Drawing from and linking to issues and concepts discussed in previous weeks, we will delve in the question of domestic politics to look at how they affect migration at the international level. Inquiring into the issues of diversity, integration and multiculturalism, students will be asked to ponder on the topics covered in the previous weeks while watching the 2016 documentary “Everyday borders”. Directed by Orson Nava, Everyday Borders explores the peaceful coexistence of multicultural Britain after the 2014 Immigration Act and the 2015-16 Immigration Bill. Shown at a number of UK universities to help raise awareness of issues of migration and migration policy, especially among students and young people, the documentary will present the students with the challenge of addressing current policy practices by using and consolidating their knowledge around international migration and the debates surrounding it. Key Questions • In what ways does migration affect domestic politics? • And vice versa: how can domestic politics affect the management of migration?
    1. Class readings 3 items
    2. Further Readings 13 items
      1. Immigration Act: overview - Home Office 2015

        Document Background

      2. Brexit and the Impact of Immigration on the UK - Jonathan Wadsworth, Swati Dhingra, Gianmarco Ottaviano, John Van Reenen 01/05/2016

        Document 

  12. Seminar 9. The EU and Migration: The case of Fortress Europe 13 items
    Wrapping up the material examined so far, the penultimate seminar will ask students to explore the example of Fortress Europe. Students will be asked to explore how during the current crisis, often defined as the biggest migration crisis since World War II, a parallel crisis is unfolding for the EU, that of migration management. With an increasing spending on what some experts have called “xenophobia business”, the creation of a specific European Border and Coast Guard Agency (Frontex) and various bilateral agreements between EU member states and “source” countries, standard EU policy responses to regulate migration still have been found wanting. Fortress Europe has led to an extraordinarily elaborate and complex current system, which is not only unfit for purpose as the rising number of deaths in the Mediterranean and elsewhere show but which also results in exclusion and control that is simultaneously repressive, chaotic and dysfunctional, and whose consequences are often strikingly at odds with the policies’ stated rationalisations and objectives. How does our study of migration and securitisation enable us to critically assess this? Key Questions • Is Fortress Europe efficient? Is it moral? • Is there a corporate and business aspect to the closing of EU borders? • How does European Union’s proclaimed ethical cosmopolitanism sits together with the concept of Fortress Europe?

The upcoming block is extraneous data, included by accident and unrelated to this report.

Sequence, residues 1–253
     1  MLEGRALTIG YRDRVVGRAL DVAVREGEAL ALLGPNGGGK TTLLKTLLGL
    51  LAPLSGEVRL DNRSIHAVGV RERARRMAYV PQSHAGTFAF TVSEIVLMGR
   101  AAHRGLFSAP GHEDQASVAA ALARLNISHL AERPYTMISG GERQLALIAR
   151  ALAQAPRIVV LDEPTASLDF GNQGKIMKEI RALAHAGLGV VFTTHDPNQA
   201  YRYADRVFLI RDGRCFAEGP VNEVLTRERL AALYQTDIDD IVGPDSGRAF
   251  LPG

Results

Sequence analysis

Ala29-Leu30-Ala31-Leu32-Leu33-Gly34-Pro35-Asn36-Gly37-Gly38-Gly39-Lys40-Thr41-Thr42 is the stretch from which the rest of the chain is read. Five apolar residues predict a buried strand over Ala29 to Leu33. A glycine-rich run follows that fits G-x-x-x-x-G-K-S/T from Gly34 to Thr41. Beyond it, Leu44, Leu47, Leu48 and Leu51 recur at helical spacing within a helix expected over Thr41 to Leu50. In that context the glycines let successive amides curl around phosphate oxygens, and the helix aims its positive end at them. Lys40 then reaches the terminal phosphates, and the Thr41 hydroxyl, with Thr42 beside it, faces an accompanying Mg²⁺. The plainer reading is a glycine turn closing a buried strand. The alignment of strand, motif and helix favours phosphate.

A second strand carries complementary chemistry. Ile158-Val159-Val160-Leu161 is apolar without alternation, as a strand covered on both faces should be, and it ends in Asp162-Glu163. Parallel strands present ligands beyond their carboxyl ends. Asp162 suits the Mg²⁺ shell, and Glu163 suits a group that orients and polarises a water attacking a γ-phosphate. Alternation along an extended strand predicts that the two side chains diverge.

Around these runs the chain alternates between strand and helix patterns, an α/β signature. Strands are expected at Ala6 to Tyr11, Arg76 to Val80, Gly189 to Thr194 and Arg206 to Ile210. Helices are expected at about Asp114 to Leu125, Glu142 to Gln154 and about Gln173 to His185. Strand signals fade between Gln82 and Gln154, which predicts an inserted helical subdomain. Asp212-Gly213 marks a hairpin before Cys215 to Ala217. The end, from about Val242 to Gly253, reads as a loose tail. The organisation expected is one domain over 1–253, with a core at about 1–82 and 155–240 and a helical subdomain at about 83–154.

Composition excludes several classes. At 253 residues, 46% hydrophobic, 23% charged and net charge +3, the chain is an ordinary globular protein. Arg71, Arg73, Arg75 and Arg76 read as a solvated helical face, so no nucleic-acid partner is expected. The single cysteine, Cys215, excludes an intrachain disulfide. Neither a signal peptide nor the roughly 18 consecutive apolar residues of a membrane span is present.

1. Class readings 4 items
      1. Closing Europe’s Borders Becomes Big Business - Apostolis Fotiadis, Claudia Ciobanu 2013

        Webpage Essential

    2. Further Readings 9 items
      1. EU-Turkey statement, 18 March 2016 - Council of Europe 18/03/2016

        Proceedings Background

      2. Europe's border crisis: biopolitical security and beyond - Nick Vaughan-Williams 2017

        Book 

      3. Atlas of migration in Europe: a critical geography of immigration policy - Olivier Clochard, Migreurp, Migreurop (Association) 2013

        Book 

  13. Seminar 10Knowledge test, recap and essay guidance

    In this final week, we will jointly review the main topics of the module and test our knowledge through a self-evaluating test. Discussion of essay plans and relevant literature will also take place